There’s some emerging research out there that indicates collagen supplements may help keep your hair looking lustrous and shiny, and your nails strong. While more research is needed before any conclusions can be drawn about how collagen supplements may improve hair and nail health, the evidence is promising.
One study enrolled 15 women with self-perceived hair thinning. They were randomly assigned to take a collagen supplement or a placebo twice a day for six months.
At the end of the study, participants in the collagen supplement group reported having shinier hair and bonus improvements to their skin as well.
In another study that focused on nails, twenty-five participants took a 2.5g collagen supplement daily for six months. At the end of the study, doctors examined the participants and found an overall improvement in participants' nails. The researchers concluded that the supplement increased nail growth by 12 percent and decreased the frequency of breakage by 42 percent. It is important to note, however, that there was no placebo group in this study for comparison.
Collagen supplements may complement our exercise routine in addition to our beauty rituals. Research suggests that they may support joint and muscle health.
In a 2006 study from Penn State University’s Department of Nutrition and Sports Nutrition for Athletics, researchers looked at 147 student athletes who were considered “high-risk” for joint deterioration.
The 24-week study showed that athletes who took a 10g dietary collagen supplement daily showed a statistically significantly lower risk of joint pain at rest, when walking, when standing, when carrying objects and when lifting as compared to a placebo group.
Another study tested dietary collagen’s potential effects on muscle recovery. In a group of 20 men who took 20g of collagen peptides daily, researchers observed moderate muscle recovery and improved soreness within 48 hours following exercise. Not bad, collagen. Not bad.
One word of caution: as mentioned earlier, most collagen supplements are made from parts of animals or fish, so they may not be safe for people with seafood allergies. This also means that most genuine collagen supplements are not vegan or vegetarian friendly.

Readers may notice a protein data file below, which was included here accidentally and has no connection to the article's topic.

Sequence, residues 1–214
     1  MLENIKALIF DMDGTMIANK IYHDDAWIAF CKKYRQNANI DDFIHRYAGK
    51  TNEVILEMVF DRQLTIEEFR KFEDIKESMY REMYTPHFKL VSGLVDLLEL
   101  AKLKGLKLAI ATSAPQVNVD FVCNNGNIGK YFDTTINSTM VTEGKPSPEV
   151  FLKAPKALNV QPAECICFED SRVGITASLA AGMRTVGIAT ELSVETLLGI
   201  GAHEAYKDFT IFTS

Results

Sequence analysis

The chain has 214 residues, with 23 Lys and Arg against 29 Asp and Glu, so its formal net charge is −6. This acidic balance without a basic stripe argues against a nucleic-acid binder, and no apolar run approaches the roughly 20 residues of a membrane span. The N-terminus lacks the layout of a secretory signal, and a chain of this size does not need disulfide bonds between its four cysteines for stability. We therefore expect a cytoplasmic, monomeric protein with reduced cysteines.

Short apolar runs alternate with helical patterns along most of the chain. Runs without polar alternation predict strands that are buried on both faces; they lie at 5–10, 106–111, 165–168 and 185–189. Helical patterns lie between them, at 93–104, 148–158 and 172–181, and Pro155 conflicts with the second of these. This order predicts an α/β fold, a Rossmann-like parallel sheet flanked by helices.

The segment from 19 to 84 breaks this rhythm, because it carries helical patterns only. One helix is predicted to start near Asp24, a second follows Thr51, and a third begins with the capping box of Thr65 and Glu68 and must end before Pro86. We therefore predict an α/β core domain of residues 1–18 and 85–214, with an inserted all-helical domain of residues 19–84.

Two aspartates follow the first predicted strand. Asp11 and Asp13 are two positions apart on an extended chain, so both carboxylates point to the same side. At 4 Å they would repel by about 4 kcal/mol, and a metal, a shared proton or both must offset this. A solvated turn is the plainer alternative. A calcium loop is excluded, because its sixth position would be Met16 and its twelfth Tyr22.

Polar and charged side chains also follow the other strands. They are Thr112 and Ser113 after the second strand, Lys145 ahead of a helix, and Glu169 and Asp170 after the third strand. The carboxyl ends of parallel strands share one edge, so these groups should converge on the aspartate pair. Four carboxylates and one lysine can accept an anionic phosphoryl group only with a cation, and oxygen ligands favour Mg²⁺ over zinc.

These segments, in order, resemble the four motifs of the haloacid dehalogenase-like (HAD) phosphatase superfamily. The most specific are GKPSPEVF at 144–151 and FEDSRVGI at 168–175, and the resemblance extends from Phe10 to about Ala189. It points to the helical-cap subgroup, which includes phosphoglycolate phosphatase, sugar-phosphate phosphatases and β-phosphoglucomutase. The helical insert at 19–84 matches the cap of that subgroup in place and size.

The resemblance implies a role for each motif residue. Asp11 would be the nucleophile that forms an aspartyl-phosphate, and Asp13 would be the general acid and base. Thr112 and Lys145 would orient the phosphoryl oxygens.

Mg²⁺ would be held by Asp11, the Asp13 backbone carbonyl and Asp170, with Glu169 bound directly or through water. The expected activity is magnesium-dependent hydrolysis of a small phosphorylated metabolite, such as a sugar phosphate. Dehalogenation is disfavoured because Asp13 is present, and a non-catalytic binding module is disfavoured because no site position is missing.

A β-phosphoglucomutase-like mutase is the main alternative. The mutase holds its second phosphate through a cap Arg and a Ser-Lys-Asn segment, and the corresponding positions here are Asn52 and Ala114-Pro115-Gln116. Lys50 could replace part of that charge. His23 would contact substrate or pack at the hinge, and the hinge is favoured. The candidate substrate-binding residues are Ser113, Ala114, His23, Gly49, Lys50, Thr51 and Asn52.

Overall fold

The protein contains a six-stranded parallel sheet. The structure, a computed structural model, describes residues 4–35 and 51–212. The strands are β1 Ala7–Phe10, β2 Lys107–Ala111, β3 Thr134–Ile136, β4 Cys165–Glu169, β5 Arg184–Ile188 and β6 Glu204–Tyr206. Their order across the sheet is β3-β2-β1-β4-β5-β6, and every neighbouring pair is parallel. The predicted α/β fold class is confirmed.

Despite what some of the hype would have you believe, collagen supplements are not a cure-all for any possible ailment under the sun.
Some of the popular — unsubstantiated — claims about collagen supplements include:
There is currently no evidence that collagen supplements can treat medical skin conditions like eczema or acne.
There are dietary supplements out there claiming to harness the supreme power of collagen to help burn fat off your body faster than water on a hot plate, but there isn’t research indicating this is true.
There are some sleep supplements on the market that claim to unlock the hidden benefits of collagen to help you get a better night’s sleep.
Generally, these products claim that because of collagen’s glycine content — an amino acid that’s been shown to play a role in sleep quality — it’s an excellent sleep inducer.
Only, there’s no scientific evidence out there to back up the claim that collagen contains enough glycine to impact sleep.
There are also supplements on the market that claim collagen can help treat “leaky gut syndrome.”
The first problem is that “leaky gut syndrome” isn’t a thing — at least, not to the mainstream medical community.
The second problem is that even if “leaky gut syndrome” were a real thing, there’d still be no scientific proof to back up claims that collagen can help treat it.
Additionally, even when we’re talking about benefits of collagen that have been shown in research, we have to keep in mind that the studies are small and usually look at one specific supplement or formulation. We need more expansive research to confirm all of these results.
So, there you have it.
Collagen. It’s a naturally occurring protein that the body makes to help keep our body’s connective tissues in good working order.
However, as we age, our body’s natural collagen production decreases, making our bodies more prone to injuries and other unfortunate signs of aging.
In recent years, we’ve seen a rise in the popularity of collagen supplements and cosmetics. These products come in all types of powders, pills, creams and balms.
Collagen supplementation has been shown to provide some legitimate benefits that include promoting skin, hair and nail health, and supporting muscle and joint health.
However, as with most other health supplements, not all the claims made about collagen are supported by research, and you should be aware of them before you decide to buy into it.